A Winning Breed in More Ways Than One
Calm and composed for the most part, Sussex spaniels make their presence known when playing, hunting or sometimes left alone and bored—their trademark baying can not be ignored.
Howling aside, this dog breed is devoted, gentle and sweet and gets along well with children and both dogs and cats, and makes a terrific companion pet.
Recently, a Sussex spaniel named "Clussexx Three D Grinchy Glee," a.k.a. "Stump," won best in show at the 133rd Westminster Kennel Club Dog Show. At 10 years old, Stump, who won over the Westminster audience with his charming personality, was the oldest dog to win the title.
The Sussex spaniel traces its roots back to Sussex, England, during the early 1800s. Initially bred as a hunting dog to work in rough terrain and dense undergrowth, the Sussex spaniel’s popularity began to diminish during World War II.
Through the efforts of one woman—Joy Freer, who saved eight starving dogs during the war—the breed survived and began to flourish again by the mid-1950s. Most of today’s Sussex spaniels are believed to be descended from Freer’s rescued dogs.
With a lower energy level than other spaniel breeds, the Sussex spaniel is none the less a quick learner and responds well to consistent training. Despite its short stature, the breed has a great deal of stamina and a terrific sense of smell and can therefore be taught to retrieve, track and hunt and makes for a reliable watchdog.
You might notice the dog’s somber and serious expression, but don’t be misguided: the Sussex spaniel is very friendly and has a cheerful disposition. The breed simply tends to be a bit reserved at times.
Firm guidance from owners will help prevent Sussex spaniels from asserting their dominance and misbehaving.
This dog breed is devoted, gentle and sweet and gets along well with children and both dogs and cats, and makes a terrific companion pet.
On average, Sussex spaniels stand between 13 to 15 inches tall and weigh between 35 to 45 pounds.
With its rich golden liver-colored, slightly wavy coat, the Sussex spaniel requires regular grooming to prevent tangles and help maintain cleanliness. The breed also has large, long ears that can be prone to ear infections if not cared for properly.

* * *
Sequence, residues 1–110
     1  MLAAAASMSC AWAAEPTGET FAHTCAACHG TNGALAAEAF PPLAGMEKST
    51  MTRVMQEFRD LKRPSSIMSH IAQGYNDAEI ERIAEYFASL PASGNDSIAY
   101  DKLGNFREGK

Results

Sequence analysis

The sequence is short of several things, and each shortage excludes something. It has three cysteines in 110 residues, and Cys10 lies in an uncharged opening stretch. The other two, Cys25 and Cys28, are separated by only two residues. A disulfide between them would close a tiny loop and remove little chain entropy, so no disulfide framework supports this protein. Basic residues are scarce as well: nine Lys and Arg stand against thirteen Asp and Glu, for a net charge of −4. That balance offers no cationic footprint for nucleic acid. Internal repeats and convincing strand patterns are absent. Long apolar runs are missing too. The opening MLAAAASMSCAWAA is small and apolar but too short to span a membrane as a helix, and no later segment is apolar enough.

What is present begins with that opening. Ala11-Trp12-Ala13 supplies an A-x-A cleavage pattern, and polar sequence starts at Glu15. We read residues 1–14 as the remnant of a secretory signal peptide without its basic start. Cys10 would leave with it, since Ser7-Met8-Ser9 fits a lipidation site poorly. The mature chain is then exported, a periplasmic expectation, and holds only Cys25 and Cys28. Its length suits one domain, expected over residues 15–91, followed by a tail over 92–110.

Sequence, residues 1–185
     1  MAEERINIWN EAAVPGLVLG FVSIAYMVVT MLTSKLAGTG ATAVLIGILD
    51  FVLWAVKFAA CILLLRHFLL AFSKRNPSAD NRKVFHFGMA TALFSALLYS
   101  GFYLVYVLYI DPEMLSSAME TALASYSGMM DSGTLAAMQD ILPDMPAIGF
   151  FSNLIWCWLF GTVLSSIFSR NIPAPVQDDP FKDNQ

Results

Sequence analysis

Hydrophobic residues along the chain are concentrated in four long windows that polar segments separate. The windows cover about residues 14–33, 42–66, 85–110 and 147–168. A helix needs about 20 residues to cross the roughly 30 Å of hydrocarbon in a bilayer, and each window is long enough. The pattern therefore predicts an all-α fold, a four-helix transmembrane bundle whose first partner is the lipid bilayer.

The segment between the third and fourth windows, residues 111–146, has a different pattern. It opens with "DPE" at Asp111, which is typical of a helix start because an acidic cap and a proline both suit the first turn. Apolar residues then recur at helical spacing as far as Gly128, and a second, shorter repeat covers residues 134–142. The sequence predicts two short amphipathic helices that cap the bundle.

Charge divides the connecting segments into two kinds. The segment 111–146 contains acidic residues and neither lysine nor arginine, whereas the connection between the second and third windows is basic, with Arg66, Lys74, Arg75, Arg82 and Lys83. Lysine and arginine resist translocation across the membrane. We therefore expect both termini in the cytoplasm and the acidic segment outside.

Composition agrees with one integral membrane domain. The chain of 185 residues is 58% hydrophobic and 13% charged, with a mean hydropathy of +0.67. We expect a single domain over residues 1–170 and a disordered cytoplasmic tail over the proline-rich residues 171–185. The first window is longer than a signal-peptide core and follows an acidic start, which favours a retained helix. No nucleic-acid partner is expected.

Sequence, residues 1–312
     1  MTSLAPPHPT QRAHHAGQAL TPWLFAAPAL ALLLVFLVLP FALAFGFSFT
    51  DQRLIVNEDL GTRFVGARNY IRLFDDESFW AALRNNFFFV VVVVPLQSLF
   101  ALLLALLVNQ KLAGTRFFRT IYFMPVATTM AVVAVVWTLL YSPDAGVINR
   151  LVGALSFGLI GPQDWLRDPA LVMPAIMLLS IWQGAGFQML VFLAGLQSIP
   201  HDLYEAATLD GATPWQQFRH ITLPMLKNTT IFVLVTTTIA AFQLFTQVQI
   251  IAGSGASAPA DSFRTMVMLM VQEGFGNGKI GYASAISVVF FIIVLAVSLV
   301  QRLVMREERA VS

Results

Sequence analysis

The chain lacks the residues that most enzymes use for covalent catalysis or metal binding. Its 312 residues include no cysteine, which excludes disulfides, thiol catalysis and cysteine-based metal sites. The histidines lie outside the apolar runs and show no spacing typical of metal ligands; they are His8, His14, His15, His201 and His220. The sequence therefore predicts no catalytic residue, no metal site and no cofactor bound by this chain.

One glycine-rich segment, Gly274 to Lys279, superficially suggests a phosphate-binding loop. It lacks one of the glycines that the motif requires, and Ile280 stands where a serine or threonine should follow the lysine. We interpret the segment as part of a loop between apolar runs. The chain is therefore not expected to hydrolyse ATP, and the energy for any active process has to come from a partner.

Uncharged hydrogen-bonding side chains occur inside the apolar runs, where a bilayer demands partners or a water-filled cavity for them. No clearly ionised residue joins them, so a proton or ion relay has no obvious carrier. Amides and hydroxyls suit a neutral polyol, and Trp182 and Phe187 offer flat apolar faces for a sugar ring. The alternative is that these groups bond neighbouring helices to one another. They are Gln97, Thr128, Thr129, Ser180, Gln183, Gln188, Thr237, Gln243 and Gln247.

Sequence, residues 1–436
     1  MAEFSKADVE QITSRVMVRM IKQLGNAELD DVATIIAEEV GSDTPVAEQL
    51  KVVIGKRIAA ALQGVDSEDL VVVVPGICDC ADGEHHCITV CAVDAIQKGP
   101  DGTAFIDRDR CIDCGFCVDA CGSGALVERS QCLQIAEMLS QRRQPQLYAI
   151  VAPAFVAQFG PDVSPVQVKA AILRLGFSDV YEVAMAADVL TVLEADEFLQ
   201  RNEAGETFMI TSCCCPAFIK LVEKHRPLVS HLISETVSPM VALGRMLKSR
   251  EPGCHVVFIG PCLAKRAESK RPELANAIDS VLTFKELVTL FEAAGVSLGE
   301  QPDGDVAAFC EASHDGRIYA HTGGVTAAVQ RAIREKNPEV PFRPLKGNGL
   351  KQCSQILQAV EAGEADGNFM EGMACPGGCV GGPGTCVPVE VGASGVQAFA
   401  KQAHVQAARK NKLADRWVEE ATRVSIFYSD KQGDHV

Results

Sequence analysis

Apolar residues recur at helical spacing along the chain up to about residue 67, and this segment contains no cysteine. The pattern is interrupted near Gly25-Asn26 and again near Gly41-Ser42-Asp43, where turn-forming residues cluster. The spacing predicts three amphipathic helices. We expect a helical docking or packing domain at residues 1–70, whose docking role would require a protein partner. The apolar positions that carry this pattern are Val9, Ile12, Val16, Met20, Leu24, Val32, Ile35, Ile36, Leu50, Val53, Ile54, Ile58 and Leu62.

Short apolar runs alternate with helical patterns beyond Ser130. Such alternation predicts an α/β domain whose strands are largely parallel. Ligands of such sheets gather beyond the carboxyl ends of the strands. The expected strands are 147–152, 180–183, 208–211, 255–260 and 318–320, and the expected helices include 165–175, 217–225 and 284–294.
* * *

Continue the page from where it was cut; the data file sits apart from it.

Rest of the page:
Be careful not to overfeed your Sussex spaniel as they tend to gain weight easily. Daily exercise is recommended to help maintain a healthy weight and avoid obesity.
The Sussex spaniel has a characteristic rolling gait when it moves. Some young puppies and even adults propel themselves with their front legs while extending their rear legs behind them; this peculiar movement is known as kippering and is said to be normal in the breed.
While Sussex spaniel puppies are known to grow more slowly than other breeds and can take longer to reach developmental stages, such as crawling and walking, a healthy dog will live on average 12 to 14 years of age.
Hereditary medical disorders occasionally foundin Sussex spaniels include:
- Cardiovascular disorders such as pulmonic stenosis, patent ductus arteriosus and tetraolgy of fallot. A heart murmur in a puppy is often associated with one of these conditions.
- Hip dysplasia is common but not often seriously debilitating because of the breed's short compact stature.
- Deafness and eye problems are sometimes seen in the breed.
The breed is also predisposed to the following disorders:
- Intervertebral disc syndrome.
- Otitis externa: ear infection.
- Whelping issues: females with this difficulty may require a Caesarian section to deliver pups.
While any dog may have the tendency to develop breed-specific medical conditions, this does not mean your dog will necessarily be diagnosed with them.
One of the best things a pet owner can do for his dog is to visit a veterinarian regularly to monitor his health and take preventive measures to ensure his well being.